WE INTERVIEWED CONDUCTOR RICHARD BALCOMBE ABOUT THE ENDURING APPEAL OF GUYS AND DOLLS, WHICH RECEIVES FIVE CONCERT PERFORMANCES AT CADOGAN HALL BETWEEN AUGUST 22ND AND AUGUST 25TH.
Guys and Dolls, with music and lyrics by Frank Loesser (1910-1969), is based on stories by Damon Runyon, and was popular and successful from the day it opened in 1950 on Broadway.
The cast for the performances at Cadogan Hall includes Dennis Waterman, who will be narrating, setting the scene, but also gets one song in the role of Arvide : More I Cannot Wish You.
Also in the cast Ruthie Henshall, Lance Ellington, Anna-Jane Casey andGraham Bickley. The 20 piece orchestra – the Royal Philharmonic Concert Orchestra – will be conducted by Richard Balcombe, who conducts opera and musicals all over Europe.
The first remarkable thing about the show, and what brings audiences back to it again and again, is that it should be the repository of quite so many classic songs: Sit Down, You’re Rockin’ the Boat, Luck Be A Lady Tonight, If I were a Bell, I Have Never Been I Love Before.”….. [**]
“These are proper show tunes”, says Balcombe. The audience knows what it is going to get. Balcombe contrasts the show with How To Succeed in Busines Without Really Trying (1961) and Green Willow (1960) which he has also conducted. They have real strength and originality, but are not overtly “populist and approachable” as Guys and Dolls.
The songs in Guys and Dolls are not just good tune, they are also completely true to the characters singing them , they underline and reinforce each of their personalities. Or as Balcombe explains, “the characterization is genius “. When Skye Masterson sings My Time of Day he’s “suave elegant, sexy, bluesy with more jazz inflection than elsewhere in the show – major 9ths, flattened 5ths”. And when Sarah sings If I were a Bell, she’s “shy, loving, romantic”. A lesser-known song from the show, the duet “Sue Me” has Nathan (sung -above- in the movie version, by Frank Sinatra) singing in a laid back way while Adelaide (the main female comic turn in the show, to be sung by Ruthie Henshall) is “in your face, brassy.”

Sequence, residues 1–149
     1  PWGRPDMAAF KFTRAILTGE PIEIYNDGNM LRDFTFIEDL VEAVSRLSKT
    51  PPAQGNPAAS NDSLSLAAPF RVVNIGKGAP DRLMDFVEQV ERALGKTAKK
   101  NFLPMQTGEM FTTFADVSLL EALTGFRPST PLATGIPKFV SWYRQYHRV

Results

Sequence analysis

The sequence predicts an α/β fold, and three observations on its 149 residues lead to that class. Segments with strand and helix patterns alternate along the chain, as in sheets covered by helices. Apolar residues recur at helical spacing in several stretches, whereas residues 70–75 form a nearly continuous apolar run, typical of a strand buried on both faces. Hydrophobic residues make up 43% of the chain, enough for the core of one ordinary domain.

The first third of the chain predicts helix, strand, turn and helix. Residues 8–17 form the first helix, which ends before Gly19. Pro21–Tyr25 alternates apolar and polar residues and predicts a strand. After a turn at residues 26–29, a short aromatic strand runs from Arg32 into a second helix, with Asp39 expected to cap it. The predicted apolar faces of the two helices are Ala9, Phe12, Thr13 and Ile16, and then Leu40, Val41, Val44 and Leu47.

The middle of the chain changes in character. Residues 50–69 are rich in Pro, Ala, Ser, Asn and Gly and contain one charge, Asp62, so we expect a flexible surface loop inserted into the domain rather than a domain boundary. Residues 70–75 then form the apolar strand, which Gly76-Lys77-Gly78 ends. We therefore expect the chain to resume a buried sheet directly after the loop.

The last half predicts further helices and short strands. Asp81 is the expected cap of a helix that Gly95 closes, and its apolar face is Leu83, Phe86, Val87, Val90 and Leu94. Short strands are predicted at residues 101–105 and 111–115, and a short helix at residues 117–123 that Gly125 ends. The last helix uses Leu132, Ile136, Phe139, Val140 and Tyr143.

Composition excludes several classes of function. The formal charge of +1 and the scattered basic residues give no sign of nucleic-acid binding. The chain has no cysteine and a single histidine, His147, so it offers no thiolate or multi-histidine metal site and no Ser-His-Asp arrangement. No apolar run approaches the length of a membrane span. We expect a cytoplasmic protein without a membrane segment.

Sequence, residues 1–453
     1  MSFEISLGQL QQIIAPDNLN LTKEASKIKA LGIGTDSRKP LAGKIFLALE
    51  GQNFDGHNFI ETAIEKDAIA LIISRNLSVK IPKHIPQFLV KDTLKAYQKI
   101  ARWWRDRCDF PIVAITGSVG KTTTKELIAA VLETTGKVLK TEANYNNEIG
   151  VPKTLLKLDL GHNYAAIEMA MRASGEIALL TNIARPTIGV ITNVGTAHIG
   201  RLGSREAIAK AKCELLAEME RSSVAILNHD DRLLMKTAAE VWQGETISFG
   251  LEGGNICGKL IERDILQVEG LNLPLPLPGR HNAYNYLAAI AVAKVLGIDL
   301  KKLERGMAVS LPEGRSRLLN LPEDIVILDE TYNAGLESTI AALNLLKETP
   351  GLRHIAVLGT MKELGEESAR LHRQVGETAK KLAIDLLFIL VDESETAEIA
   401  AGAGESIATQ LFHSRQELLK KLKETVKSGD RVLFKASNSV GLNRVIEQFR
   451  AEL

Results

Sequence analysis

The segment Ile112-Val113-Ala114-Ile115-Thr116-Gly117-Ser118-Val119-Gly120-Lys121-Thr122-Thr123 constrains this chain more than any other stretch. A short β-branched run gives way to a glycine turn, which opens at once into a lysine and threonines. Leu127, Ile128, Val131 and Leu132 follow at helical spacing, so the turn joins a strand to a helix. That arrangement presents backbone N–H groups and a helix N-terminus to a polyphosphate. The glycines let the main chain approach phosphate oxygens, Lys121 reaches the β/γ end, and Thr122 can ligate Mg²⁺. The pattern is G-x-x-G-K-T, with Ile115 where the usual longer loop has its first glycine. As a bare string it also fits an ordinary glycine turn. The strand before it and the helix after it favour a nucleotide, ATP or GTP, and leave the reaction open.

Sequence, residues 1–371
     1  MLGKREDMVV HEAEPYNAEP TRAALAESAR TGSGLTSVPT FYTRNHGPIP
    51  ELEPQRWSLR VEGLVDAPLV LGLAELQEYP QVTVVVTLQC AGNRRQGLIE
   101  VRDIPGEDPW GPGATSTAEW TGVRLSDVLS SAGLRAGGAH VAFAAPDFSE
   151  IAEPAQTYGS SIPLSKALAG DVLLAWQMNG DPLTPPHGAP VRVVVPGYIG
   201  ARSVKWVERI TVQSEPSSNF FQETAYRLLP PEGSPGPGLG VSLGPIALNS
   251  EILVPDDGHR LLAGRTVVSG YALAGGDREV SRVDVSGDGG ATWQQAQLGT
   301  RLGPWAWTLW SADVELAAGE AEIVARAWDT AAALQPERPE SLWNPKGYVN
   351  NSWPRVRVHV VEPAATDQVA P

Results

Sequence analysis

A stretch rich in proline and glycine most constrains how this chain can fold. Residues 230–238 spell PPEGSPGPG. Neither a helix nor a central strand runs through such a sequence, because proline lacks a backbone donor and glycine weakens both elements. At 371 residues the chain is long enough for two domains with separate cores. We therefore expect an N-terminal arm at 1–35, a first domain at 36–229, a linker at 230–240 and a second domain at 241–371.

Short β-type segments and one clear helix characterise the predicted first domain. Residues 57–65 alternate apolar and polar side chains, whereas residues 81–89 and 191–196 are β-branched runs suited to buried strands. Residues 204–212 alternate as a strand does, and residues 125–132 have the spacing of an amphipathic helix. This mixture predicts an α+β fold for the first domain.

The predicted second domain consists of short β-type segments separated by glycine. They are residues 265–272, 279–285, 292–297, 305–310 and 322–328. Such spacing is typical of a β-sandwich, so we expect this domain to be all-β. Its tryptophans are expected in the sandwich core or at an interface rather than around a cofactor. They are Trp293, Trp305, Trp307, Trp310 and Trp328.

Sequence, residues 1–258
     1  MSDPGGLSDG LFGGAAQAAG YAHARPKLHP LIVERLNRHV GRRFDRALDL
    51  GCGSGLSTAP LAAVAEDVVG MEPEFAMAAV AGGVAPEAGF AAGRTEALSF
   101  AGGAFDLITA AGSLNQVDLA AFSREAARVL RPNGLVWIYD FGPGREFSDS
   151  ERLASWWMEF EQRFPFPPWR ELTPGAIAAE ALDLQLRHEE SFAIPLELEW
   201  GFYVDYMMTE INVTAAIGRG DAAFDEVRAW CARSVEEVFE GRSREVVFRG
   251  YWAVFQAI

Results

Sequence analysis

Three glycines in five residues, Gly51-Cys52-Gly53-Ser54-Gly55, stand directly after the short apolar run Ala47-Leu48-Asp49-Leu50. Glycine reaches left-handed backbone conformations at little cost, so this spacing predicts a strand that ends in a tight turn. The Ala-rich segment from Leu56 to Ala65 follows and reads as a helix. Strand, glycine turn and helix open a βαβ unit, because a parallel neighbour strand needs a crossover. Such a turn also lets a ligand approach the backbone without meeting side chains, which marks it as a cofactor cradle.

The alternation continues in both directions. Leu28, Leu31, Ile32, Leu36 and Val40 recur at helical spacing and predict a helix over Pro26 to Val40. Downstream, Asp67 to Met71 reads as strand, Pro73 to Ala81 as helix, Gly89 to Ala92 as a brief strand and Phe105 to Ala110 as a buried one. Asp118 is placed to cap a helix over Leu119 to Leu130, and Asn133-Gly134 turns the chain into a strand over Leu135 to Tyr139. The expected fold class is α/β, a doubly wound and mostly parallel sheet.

And what else keeps bringing musicians and audiences back to this show< I asked. Balcombe's response says it all:
“The whole score is pretty much a masterpiece because its so concise. After every song it’s like unwrapping the next parcel and finding that what’s inside is as good as the last. The show never feels it coasts, it’s all at a level of achievement which never backs off.”
[**] There are short clips from all of the musical numbers (including Travellin’ Light which was written for the show but which got left out) at ALLMUSIC.COM